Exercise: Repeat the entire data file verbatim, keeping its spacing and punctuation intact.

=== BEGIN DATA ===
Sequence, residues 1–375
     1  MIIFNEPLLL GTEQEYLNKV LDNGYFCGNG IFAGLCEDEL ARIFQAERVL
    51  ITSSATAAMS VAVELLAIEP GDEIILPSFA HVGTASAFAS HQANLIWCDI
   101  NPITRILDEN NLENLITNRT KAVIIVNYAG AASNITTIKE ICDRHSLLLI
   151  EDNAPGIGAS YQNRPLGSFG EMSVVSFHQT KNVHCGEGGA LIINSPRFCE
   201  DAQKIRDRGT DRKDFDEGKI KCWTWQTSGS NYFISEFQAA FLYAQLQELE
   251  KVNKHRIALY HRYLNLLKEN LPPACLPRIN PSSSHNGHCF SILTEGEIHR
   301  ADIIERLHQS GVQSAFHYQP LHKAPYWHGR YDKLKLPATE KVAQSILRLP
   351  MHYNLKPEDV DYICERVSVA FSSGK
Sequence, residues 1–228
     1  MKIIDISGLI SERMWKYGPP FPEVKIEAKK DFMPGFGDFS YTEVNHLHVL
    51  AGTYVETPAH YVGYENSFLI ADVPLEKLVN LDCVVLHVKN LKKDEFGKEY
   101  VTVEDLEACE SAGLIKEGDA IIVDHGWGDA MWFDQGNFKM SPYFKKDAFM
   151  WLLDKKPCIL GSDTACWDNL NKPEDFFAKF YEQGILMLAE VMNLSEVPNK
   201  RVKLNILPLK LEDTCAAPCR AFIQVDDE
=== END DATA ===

Sequence, residues 1–375
     1  MIIFNEPLLL GTEQEYLNKV LDNGYFCGNG IFAGLCEDEL ARIFQAERVL
    51  ITSSATAAMS VAVELLAIEP GDEIILPSFA HVGTASAFAS HQANLIWCDI
   101  NPITRILDEN NLENLITNRT KAVIIVNYAG AASNITTIKE ICDRHSLLLI
   151  EDNAPGIGAS YQNRPLGSFG EMSVVSFHQT KNVHCGEGGA LIINSPRFCE
   201  DAQKIRDRGT DRKDFDEGKI KCWTWQTSGS NYFISEFQAA FLYAQLQELE
   251  KVNKHRIALY HRYLNLLKEN LPPACLPRIN PSSSHNGHCF SILTEGEIHR
   301  ADIIERLHQS GVQSAFHYQP LHKAPYWHGR YDKLKLPATE KVAQSILRLP
   351  MHYNLKPEDV DYICERVSVA FSSGK
Sequence, residues 1–228
     1  MKIIDISGLI SERMWKYGPP FPEVKIEAKK DFMPGFGDFS YTEVNHLHVL
    51  AGTYVETPAH YVGYENSFLI ADVPLEKLVN LDCVVLHVKN LKKDEFGKEY
   101  VTVEDLEACE SAGLIKEGDA IIVDHGWGDA MWFDQGNFKM SPYFKKDAFM
   151  WLLDKKPCIL GSDTACWDNL NKPEDFFAKF YEQGILMLAE VMNLSEVPNK
   201  RVKLNILPLK LEDTCAAPCR AFIQVDDE